Friday, February 12, 2016

Meltdown: Flood-potential update

Eroding snow pack still full of juice, but major, widespread floods unlikely.

Meltdown: Flood-potential update


As of 8 a.m. today, the mass of snow-and-ice that is oozing away still was holding more than a month’s worth of precipitation throughout Bucks and Montgomery Counties and part of Chester County.

Given the forecast, some nuisance flooding is all but a certainty on Friday, but despite all that water, and the extensive ice on rivers and streams, it appears that the region is going to dodge anything catastrophic.

The February sun, feeling more of its oats by the day, is likely to squeeze out some more water from the snow-and-ice pack this afternoon.

And rising dew points, along with fog tonight, will have consumed more of the snow and ice by the time any rain arrives.

Rain, perhaps even a thunderstorm, is forecast to continue until about noon tomorrow, but forecast rainfall amounts – around a half inch -- are well below the National Weather Service flood triggers, which range from 1.2 to 2.6 inches.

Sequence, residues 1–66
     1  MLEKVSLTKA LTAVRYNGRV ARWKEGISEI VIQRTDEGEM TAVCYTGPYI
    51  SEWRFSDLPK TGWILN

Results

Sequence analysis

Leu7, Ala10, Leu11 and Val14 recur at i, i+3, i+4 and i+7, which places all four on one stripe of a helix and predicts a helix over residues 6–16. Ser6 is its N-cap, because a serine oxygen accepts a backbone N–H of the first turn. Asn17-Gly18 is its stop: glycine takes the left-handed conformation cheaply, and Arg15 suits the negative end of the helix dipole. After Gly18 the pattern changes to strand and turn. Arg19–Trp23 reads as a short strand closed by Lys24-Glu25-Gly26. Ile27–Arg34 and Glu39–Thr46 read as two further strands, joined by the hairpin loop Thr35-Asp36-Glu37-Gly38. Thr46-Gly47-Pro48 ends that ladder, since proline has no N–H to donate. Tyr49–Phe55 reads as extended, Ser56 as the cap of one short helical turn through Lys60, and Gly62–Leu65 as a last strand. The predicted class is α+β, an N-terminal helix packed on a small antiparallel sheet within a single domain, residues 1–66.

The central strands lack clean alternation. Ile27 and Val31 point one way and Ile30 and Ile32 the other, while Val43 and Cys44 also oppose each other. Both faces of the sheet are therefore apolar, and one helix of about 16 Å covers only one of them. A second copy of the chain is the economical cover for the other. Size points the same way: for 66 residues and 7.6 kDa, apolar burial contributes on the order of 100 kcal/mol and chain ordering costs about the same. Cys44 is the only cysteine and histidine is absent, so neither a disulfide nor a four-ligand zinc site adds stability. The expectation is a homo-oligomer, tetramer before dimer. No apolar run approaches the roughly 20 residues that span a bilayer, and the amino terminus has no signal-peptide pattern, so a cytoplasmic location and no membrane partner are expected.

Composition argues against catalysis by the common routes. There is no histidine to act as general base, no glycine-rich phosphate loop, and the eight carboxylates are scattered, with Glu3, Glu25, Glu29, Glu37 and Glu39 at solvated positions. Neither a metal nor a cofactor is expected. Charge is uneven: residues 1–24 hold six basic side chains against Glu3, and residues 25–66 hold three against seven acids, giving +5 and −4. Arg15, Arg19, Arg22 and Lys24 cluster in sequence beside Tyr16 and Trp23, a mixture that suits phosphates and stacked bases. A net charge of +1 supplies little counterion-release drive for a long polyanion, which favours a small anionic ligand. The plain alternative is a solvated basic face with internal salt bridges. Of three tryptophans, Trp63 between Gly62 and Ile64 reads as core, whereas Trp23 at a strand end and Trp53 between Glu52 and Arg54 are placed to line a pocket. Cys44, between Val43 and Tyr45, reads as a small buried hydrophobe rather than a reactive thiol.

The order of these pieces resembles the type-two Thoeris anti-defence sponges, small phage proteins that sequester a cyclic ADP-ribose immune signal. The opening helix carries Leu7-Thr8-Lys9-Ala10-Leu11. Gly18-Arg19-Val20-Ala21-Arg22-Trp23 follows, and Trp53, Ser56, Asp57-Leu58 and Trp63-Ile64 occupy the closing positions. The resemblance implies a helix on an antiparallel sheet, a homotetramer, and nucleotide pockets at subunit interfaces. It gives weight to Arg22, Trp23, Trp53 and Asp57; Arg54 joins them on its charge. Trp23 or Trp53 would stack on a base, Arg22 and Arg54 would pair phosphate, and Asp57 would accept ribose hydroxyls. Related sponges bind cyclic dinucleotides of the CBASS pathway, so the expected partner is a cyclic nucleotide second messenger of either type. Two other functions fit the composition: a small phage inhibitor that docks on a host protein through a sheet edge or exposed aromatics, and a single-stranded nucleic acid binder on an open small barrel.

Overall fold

What’s more, rivers and streams remain well below flood stage. The Delaware River at Trenton was at 12.1 this morning; flood stage is 20. The Schuylkill at Norristown stood at 8.67; flood stage is 17, according to the U.S. Geological Survey.

“It doesn’t look like any are forecast to go to flood,” said Valerie Meola at the National Weather Service Office in Mount Holly.

River ice, however, is a wild card, as Ray Kruzdlo, hydrologist at the Mount Holly office, pointed out in the daily discussions.

When it breaks loose it can cause jamming, particularly near bends in rivers and streams, and that can result in backup flooding on one side of the jam, and flooding on the other side when the water breaks through.

One almost sure bet tomorrow will be road-ponding, with snow and ice clogging storm drains. Water can accumulate in a hurry on paved surfaces.

After the rain stops, gentle melting should resume, at least until Monday.

At this time, in the interests of regional sanity, we will eschew any discussion of the forecast for the rest of next week.

Inquirer Weather Columnist
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About this blog

Everyone talks about the weather, and here we write about it.

When we’re around and conditions warrant, we’ll keep you updated about what’s coming, but we will do our best always to discuss weather and climate developments in context and remind you that nothing in the atmosphere happens in a vacuum.

Tony Wood has been writing about the atmosphere for The Inquirer for 26 years.

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Tony Wood Inquirer Weather Columnist
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